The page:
"We resemble other times in history before the movements were effective — when they were just growing, when they were just developing. The anti-slavery movement had to develop over 30 years. The anti-war movement against Vietnam had to develop over four or five years. The Civil Rights movement had to develop over decades and decades. So, we are in a stage of development. You can’t just look at where we are right now and say, 'Well, we’re not doing it, we’re incapable, we’re hopeless.'"
Q: Is there any hope the US will change its approach to the rest of the world?
"If there is any hope, the hope lies in the American people. [It] lies in American people becoming resentful enough and indignant enough over what has happened to their country, over the loss of dignity in the world, over the starving of human resources in the United States, the starving of education and health, the takeover of the political mechanism by corporate power and the result this has on the everyday lives of the American people."
Do you have any advice for Obama?
"Yes. Speak boldly to the American people, the American people want to get out of Iraq. Speak boldly and say, 'I'm going to withdraw from Iraq as fast as ships and planes can carry them,' and I think that Obama will have a much better chance of winning the election because he will be speaking to the hearts of the American people, who really are sick of the war."
"There is one central characteristic of anarchism on the matter of means, and that central principle is a principle of direct action. ... In the South, they did not wait for the government to give them a signal, or to go through the courts, to file lawsuits, wait for Congress to pass the legislation. They took direct action; they went into restaurants, were sitting down there and wouldn’t move. They got on those busses and acted out the situation that they wanted to exist."
Zinn reflects on his historic and memorable time at Spelman College in the ‘60s, his thoughts on the Democratic Party, his philosophy of dissent as democracy, and his hope for America’s future.
We might wonder why no Democratic Party contender for the presidency has invoked the memory of the New Deal and its unprecedented series of laws aimed at helping people in need. The New Deal was tentative, cautious, bold enough to shake the pillars of the system but not to replace them.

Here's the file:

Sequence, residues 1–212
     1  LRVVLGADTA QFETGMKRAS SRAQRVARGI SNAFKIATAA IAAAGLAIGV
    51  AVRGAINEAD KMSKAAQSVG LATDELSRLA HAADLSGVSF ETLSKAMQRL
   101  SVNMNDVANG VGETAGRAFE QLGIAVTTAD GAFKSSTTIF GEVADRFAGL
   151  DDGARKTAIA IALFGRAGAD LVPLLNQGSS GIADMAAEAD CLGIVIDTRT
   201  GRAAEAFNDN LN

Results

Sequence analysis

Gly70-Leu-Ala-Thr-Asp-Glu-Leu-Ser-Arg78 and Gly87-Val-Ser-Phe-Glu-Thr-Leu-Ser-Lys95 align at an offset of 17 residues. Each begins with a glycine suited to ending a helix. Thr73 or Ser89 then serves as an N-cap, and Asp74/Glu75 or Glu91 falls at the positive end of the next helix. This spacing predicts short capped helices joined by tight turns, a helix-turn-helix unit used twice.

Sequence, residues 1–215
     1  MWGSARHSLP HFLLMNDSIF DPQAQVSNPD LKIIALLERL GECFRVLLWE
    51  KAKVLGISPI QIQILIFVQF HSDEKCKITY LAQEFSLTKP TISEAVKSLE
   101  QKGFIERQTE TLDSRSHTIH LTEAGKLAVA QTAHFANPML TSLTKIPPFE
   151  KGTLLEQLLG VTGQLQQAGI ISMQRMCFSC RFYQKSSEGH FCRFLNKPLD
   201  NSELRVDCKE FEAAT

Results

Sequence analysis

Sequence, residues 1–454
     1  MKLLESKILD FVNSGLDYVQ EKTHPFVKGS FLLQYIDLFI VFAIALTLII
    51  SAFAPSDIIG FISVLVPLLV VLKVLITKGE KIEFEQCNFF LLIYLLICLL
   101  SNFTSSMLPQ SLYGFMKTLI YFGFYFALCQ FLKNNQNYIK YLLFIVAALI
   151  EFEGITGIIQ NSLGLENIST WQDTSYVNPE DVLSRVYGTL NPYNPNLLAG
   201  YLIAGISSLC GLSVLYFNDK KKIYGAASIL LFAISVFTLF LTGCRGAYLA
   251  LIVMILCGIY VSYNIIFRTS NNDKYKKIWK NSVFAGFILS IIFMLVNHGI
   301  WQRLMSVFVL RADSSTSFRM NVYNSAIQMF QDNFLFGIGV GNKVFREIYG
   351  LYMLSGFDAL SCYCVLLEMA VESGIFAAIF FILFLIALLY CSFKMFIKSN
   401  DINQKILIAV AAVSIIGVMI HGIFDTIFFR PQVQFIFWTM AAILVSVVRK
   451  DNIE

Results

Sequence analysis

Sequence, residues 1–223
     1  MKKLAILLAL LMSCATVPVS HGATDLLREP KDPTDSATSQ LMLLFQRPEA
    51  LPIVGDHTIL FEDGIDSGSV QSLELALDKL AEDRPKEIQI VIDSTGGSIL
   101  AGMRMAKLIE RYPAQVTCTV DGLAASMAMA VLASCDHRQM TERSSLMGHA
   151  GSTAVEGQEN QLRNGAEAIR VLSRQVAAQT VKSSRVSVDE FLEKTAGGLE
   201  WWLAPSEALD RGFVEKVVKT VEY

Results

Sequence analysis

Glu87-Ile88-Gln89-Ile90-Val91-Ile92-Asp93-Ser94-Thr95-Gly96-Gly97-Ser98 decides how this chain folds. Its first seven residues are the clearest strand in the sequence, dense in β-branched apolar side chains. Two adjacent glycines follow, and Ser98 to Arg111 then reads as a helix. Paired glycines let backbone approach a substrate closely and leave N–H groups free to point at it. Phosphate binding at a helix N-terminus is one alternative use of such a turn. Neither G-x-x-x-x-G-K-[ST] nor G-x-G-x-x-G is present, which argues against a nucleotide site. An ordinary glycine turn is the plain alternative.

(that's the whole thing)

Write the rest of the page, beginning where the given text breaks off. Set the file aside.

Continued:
We might wonder why no Democratic Party contender for the presidency has invoked the memory of the New Deal and its unprecedented series of laws aimed at helping people in need. The New Deal was tentative, cautious, bold enough to shake the pillars of the system but not to replace them. It created many jobs but left 9 million unemployed. It built public housing but not nearly enough. It helped large commercial farmers but not tenant farmers. Excluded from its programs were the poorest of the poor, especially blacks. As farm laborers, migrants or domestic workers, they didn’t qualify for unemployment insurance, a minimum wage, Social Security or farm subsidies. Still, in today’s climate of endless war and uncontrolled greed, drawing upon the heritage of the 1930s would be a huge step forward.
Now that Ohio and Texas are over, can we take a deep breath and come to our senses? Election fever has seized the country, as it does every four years. We have all been brought up to believe that voting is crucial in determining our destiny, that the most important act a citizen can engage in is to go to the polls and choose one of the two candidates who have already been chosen for us. Now I’m not saying elections are totally insignificant, and that we should refuse to vote to preserve our moral purity.
The time is right, then, for a national campaign calling for the impeachment of President Bush and Vice President Cheney. Courage is in short supply in Washington, D.C. The realities of the Iraq War cry out for the overthrow of a government that is criminally responsible for death, mutilation, torture, humiliation, chaos. But all we hear in the nation’s capital, which is the source of those catastrophes, is a whimper from the Democratic Party, muttering and nattering about “unity” and “bipartisanship,” in a situation that calls for bold action to immediately reverse the present course.
Howard Zinn discussed his latest collection of essays at Brandeis University in Waltham, Massachusetts. “A Power Governments Cannot Suppress” critiques America’s response to 9/11, examines the current state of democracy and government responsibility in America and cites examples of when government has overstepped throughout American history.…